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Revista Española de Enfermedades Digestivas

versión impresa ISSN 1130-0108

Rev. esp. enferm. dig. vol.109 no.2 Madrid feb. 2017

http://dx.doi.org/10.17235/reed.2016.4288/2016 

CASE REPORT

 

Cannabis intake and intussusception: an accidental association?

Consumo de cannabis e invaginaciones intestinales. ¿Una asociación casual?

 

 

Alberto Fernández-Atutxa1, Leticia de-Castro1, Juan Antonio Arévalo-Senra1, Elena Langara2 and José Luis Cabriada-Nuño1

Departments of 1Gastroenterology and 2Radiology. Hospital Galdakao-Usansolo. Usansolo, Bizkaia. Spain

Correspondence

 

 


ABSTRACT

Most intussusception cases in adults have an organic cause and their treatment is surgical. In some cases, there is no injury associated with intussusception and we can opt for conservative management. In our clinical practice we have shown the presence of intussusceptions in the absence of structural damage associated with chronic cannabis with a good course after conservative management. We describe three cases of recurrent intussusception in cannabis users, suggesting a relationship between cannabis use and the incidence of intussusception.

Key words: Cannabinoids. Intussusception. Abdominal pain. Intestinal occlusion. Vomiting.


RESUMEN

La mayoría de las invaginaciones intestinales en adultos tienen una causa orgánica y su tratamiento es quirúrgico. En algunos casos, no se encuentra lesión asociada a la invaginación y se puede optar por un manejo conservador. En nuestra práctica clínica hemos objetivado la presencia de invaginaciones intestinales en ausencia de lesión estructural asociada al consumo crónico de cannabis con buena evolución tras manejo conservador. Se describen tres casos de invaginaciones recurrentes en consumidores de cannabis, sugiriendo una relación entre el consumo de cannabis y la incidencia de invaginaciones intestinales.

Palabras clave: Cannabioides. Invaginación intestinal. Dolor abdominal. Oclusión intestinal. Vómitos.


 

Introduction

Exogenous administration of cannabinoids has been proposed as a therapeutic use for some processes such as post-chemotherapy vomiting (1). However, paradoxically, there have been also entities described related to the abuse of cannabis such as cannabinoid hyperemesis (2).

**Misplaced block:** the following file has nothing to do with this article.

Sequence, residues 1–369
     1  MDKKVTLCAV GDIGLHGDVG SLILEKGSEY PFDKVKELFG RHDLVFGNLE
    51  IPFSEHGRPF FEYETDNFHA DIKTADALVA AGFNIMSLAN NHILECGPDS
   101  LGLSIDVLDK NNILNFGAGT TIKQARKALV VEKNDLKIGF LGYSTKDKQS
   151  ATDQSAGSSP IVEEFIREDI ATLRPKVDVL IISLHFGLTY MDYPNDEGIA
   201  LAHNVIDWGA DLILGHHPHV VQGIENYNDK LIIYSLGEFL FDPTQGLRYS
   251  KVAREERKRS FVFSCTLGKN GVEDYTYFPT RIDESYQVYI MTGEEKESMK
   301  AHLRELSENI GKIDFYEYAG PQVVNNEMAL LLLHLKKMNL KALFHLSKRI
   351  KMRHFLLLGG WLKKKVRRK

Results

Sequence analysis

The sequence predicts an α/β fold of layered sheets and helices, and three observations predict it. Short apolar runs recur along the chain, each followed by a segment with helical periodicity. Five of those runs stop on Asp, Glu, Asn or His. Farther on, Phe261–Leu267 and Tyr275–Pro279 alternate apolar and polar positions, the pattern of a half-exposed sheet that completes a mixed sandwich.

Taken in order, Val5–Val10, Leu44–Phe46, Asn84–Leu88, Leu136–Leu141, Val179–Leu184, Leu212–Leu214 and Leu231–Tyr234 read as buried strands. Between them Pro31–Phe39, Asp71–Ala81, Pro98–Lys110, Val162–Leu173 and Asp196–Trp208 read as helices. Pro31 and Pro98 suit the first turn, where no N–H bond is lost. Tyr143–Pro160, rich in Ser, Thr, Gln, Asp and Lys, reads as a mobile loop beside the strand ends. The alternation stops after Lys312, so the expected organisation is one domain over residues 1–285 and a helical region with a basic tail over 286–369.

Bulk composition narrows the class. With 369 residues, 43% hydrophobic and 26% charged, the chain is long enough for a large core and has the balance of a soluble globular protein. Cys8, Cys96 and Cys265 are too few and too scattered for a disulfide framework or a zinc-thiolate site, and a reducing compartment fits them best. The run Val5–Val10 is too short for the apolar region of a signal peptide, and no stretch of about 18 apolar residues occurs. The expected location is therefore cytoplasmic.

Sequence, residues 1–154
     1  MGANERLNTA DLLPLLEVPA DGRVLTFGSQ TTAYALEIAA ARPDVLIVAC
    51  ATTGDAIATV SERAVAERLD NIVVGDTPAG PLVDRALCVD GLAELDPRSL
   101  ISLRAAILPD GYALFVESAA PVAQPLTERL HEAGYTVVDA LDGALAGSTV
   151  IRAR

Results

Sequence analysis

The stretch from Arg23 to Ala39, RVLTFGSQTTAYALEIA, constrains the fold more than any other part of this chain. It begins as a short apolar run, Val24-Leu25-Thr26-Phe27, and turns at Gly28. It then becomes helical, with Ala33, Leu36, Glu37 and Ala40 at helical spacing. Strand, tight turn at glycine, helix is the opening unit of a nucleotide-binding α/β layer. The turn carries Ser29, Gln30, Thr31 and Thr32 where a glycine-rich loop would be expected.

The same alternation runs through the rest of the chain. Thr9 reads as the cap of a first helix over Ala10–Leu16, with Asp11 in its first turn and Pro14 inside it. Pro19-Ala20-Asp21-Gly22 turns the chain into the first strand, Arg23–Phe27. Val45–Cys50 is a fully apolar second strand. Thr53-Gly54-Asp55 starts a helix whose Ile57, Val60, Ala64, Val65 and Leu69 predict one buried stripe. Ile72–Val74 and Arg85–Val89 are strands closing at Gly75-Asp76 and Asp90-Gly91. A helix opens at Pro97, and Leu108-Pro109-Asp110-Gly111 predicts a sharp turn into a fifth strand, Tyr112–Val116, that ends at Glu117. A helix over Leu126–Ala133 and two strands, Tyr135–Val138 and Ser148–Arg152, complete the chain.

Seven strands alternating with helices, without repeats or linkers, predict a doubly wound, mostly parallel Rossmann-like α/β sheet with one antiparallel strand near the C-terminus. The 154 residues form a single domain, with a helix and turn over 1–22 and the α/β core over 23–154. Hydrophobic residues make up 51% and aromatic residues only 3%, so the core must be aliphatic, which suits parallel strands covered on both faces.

The action of cannabinoids in the gastrointestinal tract is not well known but there is sufficient evidence to determine that they have an effect on multiple points of the digestive system either through the proper cannabinoid receptors or through the interaction with receptors of other substances (3).

Until now, the relationship between cannabis use and the presence of intussusception has not been described.

 

Case report

We describe three cases of intussusception associated with chronic inhaled cannabis use with different chronologies that propose a causal relationship.

Case 1

A 29-year-old male with history of episodic abdominal pain and vomiting since 2007. As the only personal antecedent, he refers chronic inhaled cannabis intake (10-15 joints a day). He was diagnosed aortomesenterical syndrome both at the third duodenal portion and on the left renal vein by computed tomography scan (CT). He did not improve with weight gain so it was decided to implement surgery (duodeno-jejunostomy in September 2009). Later on, episodes of pain continued despite the radiological resolution of anatomical changes. In the context of a crisis of pain an ultrasound was performed showing several intussusceptions in different locations in the small intestine that were solved conservatively (Fig. 1A). In other multiple scans performed in asymptomatic periods intestinal pathology justifying his pattern was not found. During the follow-up, as the patient achieved to stop smoking cannabis, the episodes of abdominal pain and vomiting disappeared completely. He was discharged after a year completely asymptomatic.

 

 

Case 2

A 27-year-old woman with multiple attendances to the emergency room and hospital admissions for episodes of abdominal pain. These episodes ceded spontaneously and multiple complementary examinations (abdominal CT, MRI, upper and low endoscopy, capsule endoscopy) were performed without detecting an organic pathology. In one of these hospitalizations a magnetic resonance was performed, and at least three jejunum-jejunal intussusceptions without evidence of underlying lesion were found (Fig. 1B). All events were resolved conservatively. We insisted on her giving up the cannabis consumption and she did, presenting these episodes for about 9 months when she did not consume cannabis (the subocclusive crisis showed approximately a fortnightly frequency while she maintained regular intake). Coinciding with a relapse into cannabis she came back to the emergency room because of a new subocclusive episode, even though she requested voluntary discharge after spontaneous resolution of the pain and further tests to prove intussusceptions were not performed.

Case 3